Since the 1970s, Charles Gaines has produced highly formal conceptual works that bring into play disparate artistic and political positions by means of a disciplined system or set of rules. Gaines’ interest in systems aesthetics can be related to the systematized work of minimalist, Fluxus and early conceptual artists, yet his works differ in their preparedness to engage directly with prosaic, social, political and philosophical propositions. As a result, his work evokes the far-ranging sets of relationships that shape the humanitarian concern for social justice.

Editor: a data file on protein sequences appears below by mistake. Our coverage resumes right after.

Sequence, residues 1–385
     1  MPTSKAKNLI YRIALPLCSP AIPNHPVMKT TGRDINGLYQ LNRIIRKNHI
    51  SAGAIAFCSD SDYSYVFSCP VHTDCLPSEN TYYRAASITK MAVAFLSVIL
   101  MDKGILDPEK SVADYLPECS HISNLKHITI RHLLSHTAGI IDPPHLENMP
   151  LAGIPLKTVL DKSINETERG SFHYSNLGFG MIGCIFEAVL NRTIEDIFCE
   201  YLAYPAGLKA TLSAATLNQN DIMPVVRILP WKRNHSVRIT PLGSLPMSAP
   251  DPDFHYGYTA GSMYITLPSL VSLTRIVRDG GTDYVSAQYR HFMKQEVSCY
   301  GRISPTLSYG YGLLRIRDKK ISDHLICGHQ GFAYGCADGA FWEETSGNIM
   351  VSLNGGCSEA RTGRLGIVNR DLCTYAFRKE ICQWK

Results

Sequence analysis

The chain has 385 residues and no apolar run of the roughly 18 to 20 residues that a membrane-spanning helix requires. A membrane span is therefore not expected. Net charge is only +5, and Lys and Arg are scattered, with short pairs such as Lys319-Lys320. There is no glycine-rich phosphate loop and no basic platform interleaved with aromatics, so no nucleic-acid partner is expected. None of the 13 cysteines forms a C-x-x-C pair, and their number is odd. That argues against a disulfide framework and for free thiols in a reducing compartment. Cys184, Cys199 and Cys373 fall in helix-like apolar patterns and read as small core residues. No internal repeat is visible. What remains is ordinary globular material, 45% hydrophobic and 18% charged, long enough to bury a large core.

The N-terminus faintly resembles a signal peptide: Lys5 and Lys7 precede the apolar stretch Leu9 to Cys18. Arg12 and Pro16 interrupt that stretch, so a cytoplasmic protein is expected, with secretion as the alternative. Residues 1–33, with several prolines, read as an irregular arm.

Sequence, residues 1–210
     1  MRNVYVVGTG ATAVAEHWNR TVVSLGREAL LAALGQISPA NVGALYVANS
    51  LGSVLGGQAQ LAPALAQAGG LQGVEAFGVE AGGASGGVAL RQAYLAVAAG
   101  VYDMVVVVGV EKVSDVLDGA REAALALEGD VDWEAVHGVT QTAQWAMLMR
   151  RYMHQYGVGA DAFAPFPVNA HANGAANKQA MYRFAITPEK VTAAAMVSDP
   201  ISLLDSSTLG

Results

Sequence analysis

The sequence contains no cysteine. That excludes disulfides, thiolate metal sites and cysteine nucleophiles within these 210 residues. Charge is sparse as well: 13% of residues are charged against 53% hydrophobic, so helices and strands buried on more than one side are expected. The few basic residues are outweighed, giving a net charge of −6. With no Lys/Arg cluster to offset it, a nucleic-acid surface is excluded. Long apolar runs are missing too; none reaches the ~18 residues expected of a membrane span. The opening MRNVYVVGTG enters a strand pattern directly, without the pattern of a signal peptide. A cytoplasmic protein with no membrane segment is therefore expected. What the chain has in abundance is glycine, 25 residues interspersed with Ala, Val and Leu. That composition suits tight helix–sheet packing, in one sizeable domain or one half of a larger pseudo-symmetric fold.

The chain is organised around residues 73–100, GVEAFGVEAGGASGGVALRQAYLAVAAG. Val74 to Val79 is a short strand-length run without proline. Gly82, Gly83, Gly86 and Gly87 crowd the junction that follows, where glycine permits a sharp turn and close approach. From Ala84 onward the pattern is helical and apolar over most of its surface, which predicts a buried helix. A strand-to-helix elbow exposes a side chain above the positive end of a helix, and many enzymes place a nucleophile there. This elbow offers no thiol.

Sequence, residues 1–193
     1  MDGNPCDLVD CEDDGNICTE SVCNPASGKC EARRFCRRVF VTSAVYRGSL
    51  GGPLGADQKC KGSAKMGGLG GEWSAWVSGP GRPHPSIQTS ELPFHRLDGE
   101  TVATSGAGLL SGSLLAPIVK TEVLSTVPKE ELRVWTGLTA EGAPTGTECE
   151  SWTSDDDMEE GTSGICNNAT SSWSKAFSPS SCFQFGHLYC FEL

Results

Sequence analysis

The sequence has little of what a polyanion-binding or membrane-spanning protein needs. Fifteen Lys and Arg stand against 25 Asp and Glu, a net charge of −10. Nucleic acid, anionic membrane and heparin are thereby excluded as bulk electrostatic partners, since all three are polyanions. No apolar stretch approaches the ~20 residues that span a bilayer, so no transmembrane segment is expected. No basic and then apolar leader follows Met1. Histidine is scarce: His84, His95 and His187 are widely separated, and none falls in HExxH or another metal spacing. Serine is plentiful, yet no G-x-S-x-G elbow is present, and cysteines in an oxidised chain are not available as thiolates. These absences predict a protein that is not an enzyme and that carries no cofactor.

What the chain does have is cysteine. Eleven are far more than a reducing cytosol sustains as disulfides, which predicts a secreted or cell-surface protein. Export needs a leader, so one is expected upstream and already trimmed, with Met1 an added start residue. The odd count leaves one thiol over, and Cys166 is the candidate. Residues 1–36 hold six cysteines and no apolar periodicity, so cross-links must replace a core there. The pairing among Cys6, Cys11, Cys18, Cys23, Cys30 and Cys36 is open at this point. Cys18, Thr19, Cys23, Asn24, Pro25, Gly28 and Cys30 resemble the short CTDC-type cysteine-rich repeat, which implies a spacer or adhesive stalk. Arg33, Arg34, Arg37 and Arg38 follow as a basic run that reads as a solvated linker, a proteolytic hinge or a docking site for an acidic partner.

In Skybox I (2011), a twelve-foot-long light box presents texts on human rights from seventeenth-century religious reformer Gerard Winstanley and twentieth-century philosophers and political leaders Léopold Sédar Senghor, Frantz Fanon and Ho Chi Minh. The texts gradually fade to black to reveal the night sky at the time of their writing, a sky that is also ever incrementally changing. Manifesto 2 (2013) references four manifestos, including An Indigenous Manifesto (1999) by Canadian Taiaiake Alfred and Malcolm X’s last speech in 1965 at Detroit’s Ford Auditorium. For BNLMTL 2014, he is presenting the precursor Manifestos (2008), which quotes revolutionary manifestos of the Socialist International Congress, the Situationist International, the Black Panthers and the Zapatista Army of National Liberation. The texts of the manifestos are then translated through a baroque system to produce both scores hung as wall works and, ultimately, music emanating from four monitors to accompany images of the texts as they scroll vertically. The scores and music in turn reference a history of anthems that are motivated by revolution and protest.